It's also a good way to test you have used dt correctly. If you have used it correctly, setting the time scale to 0 will stop everything in the game. If you have not used it correctly, some objects might continue to move, even though the game is supposed to be paused! In that case you can check how those objects are moved, and make sure you are using dt properly.

Other kinds of movement

It's important to realise that dt must be used for all kinds of motion. This includes rotation and acceleration.


Similar to before, the following event rotates the piggy 1 degree every tick:

Framerate dependent rotation
This is 30 degrees per second at 30 FPS, and 60 degrees per second at 60 FPS - again, different speeds for different framerates. Using dt in the same way solves the problem again. This way the piggy rotates at 60 degrees per second regardless of the framerate:

Framerate independent rotation


Acceleration is also fairly straightforward. Usually this only applies when you are making a custom movement via events.

If you have a speed variable, your object will be moving at Object.Speed * dt pixels per tick. Your object's speed variable therefore contains a speed in pixels per second.

Suppose you want to accelerate the object by 100 pixels per second over one second. You simply need to add 100 * dt to the object's speed variable every tick, and it will accelerate in a framerate independent way. In other words, you use dt both to adjust the object's position, and to adjust the object's speed.


If lerping from two fixed positions, simply ensure the factor (x in lerp(a, b, x)) increases using dt like any other moving value. A more complicated case is when lerping from the last result of lerp, e.g.

Set X to lerp(Self.X, TargetX, factor)

In this case the correct form is to use:

lerp(a, b, 1 - f ^ dt)

...where f is between 0 and 1, e.g. 0.5. Commonly lerp(a, b, f * dt) is used instead, but this is not perfectly accurate and has some other pitfalls. The maths involved is explained in more detail in the blog post Using lerp with delta-time.

Common mistakes

Never use dt in the Every X seconds condition! An event like Every 1 second will run every 1 second regardless of the framerate, thus is already framerate independent. The condition measures time, not frames. If you make an event like Every 60 * dt seconds, you have inadvertently made the condition framerate dependent - the opposite of what you want to achieve! Such a condition will run every 6 seconds at 10 FPS (when dt = 0.1), or every 0.6 seconds at 100 FPS (when dt = 0.01); if you just use Every 6 seconds, it already runs every 6 seconds regardless of the framerate.

Advanced considerations

Minimum framerate

At very low framerates, dt can become very large. For example, at 5 FPS, dt is 0.2. An object moving at 500 pixels per second is therefore moving 100 pixels per tick. This can cause it to "teleport" through walls or miss collisions with other objects.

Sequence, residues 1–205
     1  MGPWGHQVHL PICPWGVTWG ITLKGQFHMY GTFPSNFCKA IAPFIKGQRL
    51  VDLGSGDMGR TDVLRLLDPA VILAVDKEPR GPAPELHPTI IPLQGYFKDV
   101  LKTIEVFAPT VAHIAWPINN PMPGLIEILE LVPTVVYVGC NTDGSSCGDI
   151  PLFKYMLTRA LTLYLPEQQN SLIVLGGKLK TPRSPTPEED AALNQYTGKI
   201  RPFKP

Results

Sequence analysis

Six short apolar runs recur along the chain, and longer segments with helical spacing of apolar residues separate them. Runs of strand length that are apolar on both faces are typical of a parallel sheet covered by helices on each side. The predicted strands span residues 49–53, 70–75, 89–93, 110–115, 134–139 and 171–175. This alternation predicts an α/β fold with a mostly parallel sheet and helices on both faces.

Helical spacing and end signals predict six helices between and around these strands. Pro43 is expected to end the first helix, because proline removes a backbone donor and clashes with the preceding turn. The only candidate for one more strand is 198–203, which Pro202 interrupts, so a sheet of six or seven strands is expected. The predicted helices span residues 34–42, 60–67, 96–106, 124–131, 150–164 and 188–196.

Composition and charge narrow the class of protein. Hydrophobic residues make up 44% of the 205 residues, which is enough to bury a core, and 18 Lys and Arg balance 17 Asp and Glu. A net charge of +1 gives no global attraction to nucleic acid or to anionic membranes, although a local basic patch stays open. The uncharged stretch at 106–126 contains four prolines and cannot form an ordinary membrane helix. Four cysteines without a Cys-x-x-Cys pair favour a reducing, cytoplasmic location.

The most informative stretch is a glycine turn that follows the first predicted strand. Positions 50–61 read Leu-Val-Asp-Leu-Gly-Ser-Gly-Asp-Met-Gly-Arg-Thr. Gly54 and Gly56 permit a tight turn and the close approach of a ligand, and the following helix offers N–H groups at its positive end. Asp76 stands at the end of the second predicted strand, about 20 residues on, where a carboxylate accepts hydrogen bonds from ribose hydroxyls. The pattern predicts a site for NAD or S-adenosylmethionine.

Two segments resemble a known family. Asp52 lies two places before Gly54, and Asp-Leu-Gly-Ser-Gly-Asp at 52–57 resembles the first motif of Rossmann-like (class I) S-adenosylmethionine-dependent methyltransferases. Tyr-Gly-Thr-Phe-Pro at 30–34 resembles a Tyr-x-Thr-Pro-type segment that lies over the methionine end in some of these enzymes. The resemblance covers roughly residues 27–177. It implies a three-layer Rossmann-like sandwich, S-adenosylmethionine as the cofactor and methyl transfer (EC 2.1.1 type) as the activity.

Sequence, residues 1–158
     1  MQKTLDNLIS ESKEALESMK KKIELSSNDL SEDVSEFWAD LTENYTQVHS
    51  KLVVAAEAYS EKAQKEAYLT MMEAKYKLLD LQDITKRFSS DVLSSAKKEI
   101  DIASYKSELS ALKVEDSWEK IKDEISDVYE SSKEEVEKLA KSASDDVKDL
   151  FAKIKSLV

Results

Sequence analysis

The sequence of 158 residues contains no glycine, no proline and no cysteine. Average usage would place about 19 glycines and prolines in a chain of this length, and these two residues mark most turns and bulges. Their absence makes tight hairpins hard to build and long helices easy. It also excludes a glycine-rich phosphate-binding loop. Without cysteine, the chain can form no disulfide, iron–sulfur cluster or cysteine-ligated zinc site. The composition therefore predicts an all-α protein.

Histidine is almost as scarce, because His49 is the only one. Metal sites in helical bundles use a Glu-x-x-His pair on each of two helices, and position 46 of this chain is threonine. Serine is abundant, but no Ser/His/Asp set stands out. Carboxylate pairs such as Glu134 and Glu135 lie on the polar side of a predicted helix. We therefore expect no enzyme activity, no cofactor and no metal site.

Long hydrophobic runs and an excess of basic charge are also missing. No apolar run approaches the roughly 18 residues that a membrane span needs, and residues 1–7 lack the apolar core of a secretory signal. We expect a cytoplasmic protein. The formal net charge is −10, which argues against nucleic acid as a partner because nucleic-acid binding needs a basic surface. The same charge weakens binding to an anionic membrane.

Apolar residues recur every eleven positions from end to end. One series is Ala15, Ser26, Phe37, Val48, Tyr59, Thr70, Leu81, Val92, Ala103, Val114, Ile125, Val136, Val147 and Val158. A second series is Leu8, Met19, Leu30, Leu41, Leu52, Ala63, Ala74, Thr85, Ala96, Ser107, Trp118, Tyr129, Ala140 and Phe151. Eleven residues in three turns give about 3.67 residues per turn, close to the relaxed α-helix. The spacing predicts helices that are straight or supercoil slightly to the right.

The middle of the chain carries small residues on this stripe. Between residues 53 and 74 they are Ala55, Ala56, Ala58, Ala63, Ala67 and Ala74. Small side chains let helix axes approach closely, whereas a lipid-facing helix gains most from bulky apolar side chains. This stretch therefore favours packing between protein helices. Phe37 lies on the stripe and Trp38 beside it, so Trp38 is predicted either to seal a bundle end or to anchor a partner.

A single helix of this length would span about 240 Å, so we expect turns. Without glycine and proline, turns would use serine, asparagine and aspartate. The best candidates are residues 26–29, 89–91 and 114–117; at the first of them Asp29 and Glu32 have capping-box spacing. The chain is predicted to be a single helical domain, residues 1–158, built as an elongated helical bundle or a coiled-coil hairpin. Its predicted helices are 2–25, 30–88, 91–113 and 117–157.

Games are usually unplayable at such low framerates, but it is even worse if they become unstable like that. To help the game stay reliable even at very low framerates, Construct 2 does not let dt get larger than 0.1. In other words, below 10 FPS, dt stays at 0.1. This does also mean below 10 FPS the game starts going in to a slow-motion effect (described earlier as one of the issues of framerate dependent games), however this is usually a better result than the "teleporting objects" problem.

Random variation

As mentioned with physics, dt usually has small and random variations, usually due to imperfect timers in the computer. Like with physics, this can also cause slight random variations in your game. However, usually the effect is negligable and much less noticable than with physics. It's recommended that you always use dt in your games unless exact precision is required (which is rare).

Object time scales

You can set a time scale for an individual object, via the system Set object time scale action. This allows you to have, for example, a game running in slow-motion with a time scale of 0.3, but still have the player acting at full speed with a time scale of 1. This is achieved by setting the time scale to 0.3, then using Set object time scale to set the player's time scale. The system expression dt is only affected by the game time scale. Objects have their own dt expression (e.g. Player.dt) which you must use instead of the system dt for all motion relating to that object. This way, there are now two values of dt: one for the game, and one for the player. Since they return different values, different parts of the game can progress at different rates.

In this example, to return the player back to game time, use the system Restore object time scale action.


It's important to design your game from the start using dt. This improves the gameplay, ensuring the pace never slows down in particularly intense parts of the game. As an extra bonus, you can also use the time scaling feature, easily pause the game, and even control object's individual time scales.

Don't forget behaviors already use dt (except with Physics where you must turn it on yourself). If you use behaviors to control all motion in your game, you don't have to worry about dt at all! However, most games have some event-controlled motion, and it's important to remember how to make it framerate independent.